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Article: A study on genomic distribution and sequence features of human long inverted repeats reveals species-specific intronic inverted repeats

TitleA study on genomic distribution and sequence features of human long inverted repeats reveals species-specific intronic inverted repeats
Authors
KeywordsHuman
Intron
Long inverted repeat
Primates
Stem-loop
Issue Date2009
PublisherWiley-Blackwell Publishing Ltd.. The Journal's web site is located at http://www.febsjournal.org/
Citation
Febs Journal, 2009, v. 276 n. 7, p. 1986-1998 How to Cite?
AbstractThe inverted repeats present in a genome play dual roles. They can induce genomic instability and, on the other hand, regulate gene expression. In the present study, we report the distribution and sequence features of recombinogenic long inverted repeats (LIRs) that are capable of forming stable stem-loops or palindromes within the human genome. A total of 2551 LIRs were identified, and 37% of them were located in long introns (largely > 10 kb) of genes. Their distribution appears to be random in introns and is not restrictive, even for regions near intron-exon boundaries. Almost half of them comprise TG/CA-rich repeats, inversely arranged Alu repeats and MADE1 mariners. The remaining LIRs are mostly unique in their sequence features. Comparative studies of human, chimpanzee, rhesus monkey and mouse orthologous genes reveal that human genes have more recombinogenic LIRs than other orthologs, and over 80% are human-specific. The human genes associated with the human-specific LIRs are involved in the pathways of cell communication, development and the nervous system, as based on significantly over-represented Gene Ontology terms. The functional pathways related to the development and functions of the nervous system are not enriched in chimpanzee and mouse orthologs. The findings of the present study provide insight into the role of intronic LIRs in gene regulation and primate speciation. © 2009 FEBS.
Persistent Identifierhttp://hdl.handle.net/10722/60134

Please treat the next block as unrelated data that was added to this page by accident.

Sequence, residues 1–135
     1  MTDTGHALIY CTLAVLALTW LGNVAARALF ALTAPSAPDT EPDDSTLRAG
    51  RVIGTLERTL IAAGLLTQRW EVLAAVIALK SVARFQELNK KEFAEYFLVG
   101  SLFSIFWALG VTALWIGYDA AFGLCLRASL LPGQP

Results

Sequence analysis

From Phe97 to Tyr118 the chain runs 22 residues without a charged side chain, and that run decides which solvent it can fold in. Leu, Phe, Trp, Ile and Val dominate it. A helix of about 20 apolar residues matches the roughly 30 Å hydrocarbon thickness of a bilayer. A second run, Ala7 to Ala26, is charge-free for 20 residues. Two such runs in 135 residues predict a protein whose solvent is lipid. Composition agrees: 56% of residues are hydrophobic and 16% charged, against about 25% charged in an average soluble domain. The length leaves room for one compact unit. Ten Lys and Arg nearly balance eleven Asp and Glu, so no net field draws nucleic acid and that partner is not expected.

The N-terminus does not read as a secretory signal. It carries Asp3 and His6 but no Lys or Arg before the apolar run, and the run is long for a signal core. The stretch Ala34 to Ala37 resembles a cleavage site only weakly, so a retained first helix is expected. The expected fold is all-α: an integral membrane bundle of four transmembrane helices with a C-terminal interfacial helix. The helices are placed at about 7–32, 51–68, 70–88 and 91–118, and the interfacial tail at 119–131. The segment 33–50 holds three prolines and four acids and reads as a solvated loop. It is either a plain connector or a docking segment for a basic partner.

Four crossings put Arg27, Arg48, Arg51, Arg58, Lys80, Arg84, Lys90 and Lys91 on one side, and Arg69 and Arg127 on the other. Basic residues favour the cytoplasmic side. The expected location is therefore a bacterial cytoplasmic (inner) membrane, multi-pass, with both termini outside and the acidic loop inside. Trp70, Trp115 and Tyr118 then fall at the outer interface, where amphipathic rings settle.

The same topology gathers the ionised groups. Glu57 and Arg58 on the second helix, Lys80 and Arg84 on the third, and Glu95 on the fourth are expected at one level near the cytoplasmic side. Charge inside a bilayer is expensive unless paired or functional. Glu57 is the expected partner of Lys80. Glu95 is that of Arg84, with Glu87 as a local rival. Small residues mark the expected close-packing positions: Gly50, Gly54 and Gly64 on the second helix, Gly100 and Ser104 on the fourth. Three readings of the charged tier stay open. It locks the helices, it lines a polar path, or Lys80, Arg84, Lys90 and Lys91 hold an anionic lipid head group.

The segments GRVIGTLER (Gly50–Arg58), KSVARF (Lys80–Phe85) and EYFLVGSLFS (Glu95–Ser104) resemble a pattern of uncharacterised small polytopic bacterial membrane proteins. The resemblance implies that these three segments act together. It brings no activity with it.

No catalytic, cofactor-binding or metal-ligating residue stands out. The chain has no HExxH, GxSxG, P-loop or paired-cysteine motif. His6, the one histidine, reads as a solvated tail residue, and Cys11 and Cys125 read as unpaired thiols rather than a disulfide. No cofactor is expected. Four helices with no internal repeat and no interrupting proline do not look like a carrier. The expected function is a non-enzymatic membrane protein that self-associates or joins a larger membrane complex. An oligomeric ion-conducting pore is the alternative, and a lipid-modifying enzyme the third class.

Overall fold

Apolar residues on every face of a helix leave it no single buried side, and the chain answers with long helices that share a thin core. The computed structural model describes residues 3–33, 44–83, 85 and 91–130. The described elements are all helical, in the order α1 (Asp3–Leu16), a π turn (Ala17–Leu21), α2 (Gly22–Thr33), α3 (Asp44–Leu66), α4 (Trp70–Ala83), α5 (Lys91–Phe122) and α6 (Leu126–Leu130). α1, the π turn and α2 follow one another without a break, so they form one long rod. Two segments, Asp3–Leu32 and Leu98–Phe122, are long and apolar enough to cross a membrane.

ISSN
2015 Impact Factor: 4.237
2015 SCImago Journal Rankings: 2.141
ISI Accession Number ID
References

 

DC FieldValueLanguage
dc.contributor.authorWang, Yen_HK
dc.contributor.authorLeung, FCCen_HK
dc.date.accessioned2010-05-31T04:04:19Z-
dc.date.available2010-05-31T04:04:19Z-
dc.date.issued2009en_HK
dc.identifier.citationFebs Journal, 2009, v. 276 n. 7, p. 1986-1998en_HK
dc.identifier.issn1742-464Xen_HK
dc.identifier.urihttp://hdl.handle.net/10722/60134-
dc.description.abstractThe inverted repeats present in a genome play dual roles. They can induce genomic instability and, on the other hand, regulate gene expression. In the present study, we report the distribution and sequence features of recombinogenic long inverted repeats (LIRs) that are capable of forming stable stem-loops or palindromes within the human genome. A total of 2551 LIRs were identified, and 37% of them were located in long introns (largely > 10 kb) of genes. Their distribution appears to be random in introns and is not restrictive, even for regions near intron-exon boundaries. Almost half of them comprise TG/CA-rich repeats, inversely arranged Alu repeats and MADE1 mariners. The remaining LIRs are mostly unique in their sequence features. Comparative studies of human, chimpanzee, rhesus monkey and mouse orthologous genes reveal that human genes have more recombinogenic LIRs than other orthologs, and over 80% are human-specific. The human genes associated with the human-specific LIRs are involved in the pathways of cell communication, development and the nervous system, as based on significantly over-represented Gene Ontology terms. The functional pathways related to the development and functions of the nervous system are not enriched in chimpanzee and mouse orthologs. The findings of the present study provide insight into the role of intronic LIRs in gene regulation and primate speciation. © 2009 FEBS.en_HK
dc.languageengen_HK
dc.publisherWiley-Blackwell Publishing Ltd.. The Journal's web site is located at http://www.febsjournal.org/en_HK
dc.relation.ispartofFEBS Journalen_HK
dc.subjectHumanen_HK
dc.subjectIntronen_HK
dc.subjectLong inverted repeaten_HK
dc.subjectPrimatesen_HK
dc.subjectStem-loopen_HK
dc.titleA study on genomic distribution and sequence features of human long inverted repeats reveals species-specific intronic inverted repeatsen_HK
dc.typeArticleen_HK
dc.identifier.emailLeung, FCC: fcleung@hkucc.hku.hken_HK
dc.identifier.authorityLeung, FCC=rp00731en_HK
dc.description.naturelink_to_subscribed_fulltext-
dc.identifier.doi10.1111/j.1742-4658.2009.06930.xen_HK
dc.identifier.pmid19243432-
dc.identifier.scopuseid_2-s2.0-62149126551en_HK
dc.identifier.hkuros166126en_HK
dc.relation.referenceshttp://www.scopus.com/mlt/select.url?eid=2-s2.0-62149126551&selection=ref&src=s&origin=recordpageen_HK
dc.identifier.volume276en_HK
dc.identifier.issue7en_HK
dc.identifier.spage1986en_HK
dc.identifier.epage1998en_HK
dc.identifier.isiWOS:000264021900017-
dc.publisher.placeUnited Kingdomen_HK
dc.identifier.scopusauthoridWang, Y=12240680100en_HK
dc.identifier.scopusauthoridLeung, FCC=7103078633en_HK
dc.identifier.citeulike4171762-

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